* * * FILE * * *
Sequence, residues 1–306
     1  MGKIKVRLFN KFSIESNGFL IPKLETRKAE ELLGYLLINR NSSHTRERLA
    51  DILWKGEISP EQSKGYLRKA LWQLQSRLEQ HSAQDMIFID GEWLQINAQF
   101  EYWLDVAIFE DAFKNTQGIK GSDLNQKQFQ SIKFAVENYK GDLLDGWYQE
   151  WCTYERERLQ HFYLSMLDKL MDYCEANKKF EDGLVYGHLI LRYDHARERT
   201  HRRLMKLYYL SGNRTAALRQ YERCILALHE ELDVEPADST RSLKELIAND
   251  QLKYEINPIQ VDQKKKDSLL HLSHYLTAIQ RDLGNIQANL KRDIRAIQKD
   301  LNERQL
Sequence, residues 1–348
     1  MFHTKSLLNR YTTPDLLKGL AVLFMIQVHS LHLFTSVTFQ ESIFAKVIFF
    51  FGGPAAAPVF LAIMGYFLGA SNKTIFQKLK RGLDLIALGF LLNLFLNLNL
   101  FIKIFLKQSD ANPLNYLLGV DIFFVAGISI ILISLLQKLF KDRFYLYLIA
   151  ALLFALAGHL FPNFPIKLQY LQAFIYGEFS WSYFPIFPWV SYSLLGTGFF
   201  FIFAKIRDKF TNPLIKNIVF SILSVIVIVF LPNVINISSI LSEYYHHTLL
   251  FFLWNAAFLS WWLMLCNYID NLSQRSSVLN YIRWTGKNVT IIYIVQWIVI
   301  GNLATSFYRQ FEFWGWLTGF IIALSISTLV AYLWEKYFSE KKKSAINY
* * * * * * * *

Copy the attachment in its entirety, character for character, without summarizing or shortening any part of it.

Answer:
Sequence, residues 1–306
     1  MGKIKVRLFN KFSIESNGFL IPKLETRKAE ELLGYLLINR NSSHTRERLA
    51  DILWKGEISP EQSKGYLRKA LWQLQSRLEQ HSAQDMIFID GEWLQINAQF
   101  EYWLDVAIFE DAFKNTQGIK GSDLNQKQFQ SIKFAVENYK GDLLDGWYQE
   151  WCTYERERLQ HFYLSMLDKL MDYCEANKKF EDGLVYGHLI LRYDHARERT
   201  HRRLMKLYYL SGNRTAALRQ YERCILALHE ELDVEPADST RSLKELIAND
   251  QLKYEINPIQ VDQKKKDSLL HLSHYLTAIQ RDLGNIQANL KRDIRAIQKD
   301  LNERQL
Sequence, residues 1–348
     1  MFHTKSLLNR YTTPDLLKGL AVLFMIQVHS LHLFTSVTFQ ESIFAKVIFF
    51  FGGPAAAPVF LAIMGYFLGA SNKTIFQKLK RGLDLIALGF LLNLFLNLNL
   101  FIKIFLKQSD ANPLNYLLGV DIFFVAGISI ILISLLQKLF KDRFYLYLIA
   151  ALLFALAGHL FPNFPIKLQY LQAFIYGEFS WSYFPIFPWV SYSLLGTGFF
   201  FIFAKIRDKF TNPLIKNIVF SILSVIVIVF LPNVINISSI LSEYYHHTLL
   251  FFLWNAAFLS WWLMLCNYID NLSQRSSVLN YIRWTGKNVT IIYIVQWIVI
   301  GNLATSFYRQ FEFWGWLTGF IIALSISTLV AYLWEKYFSE KKKSAINY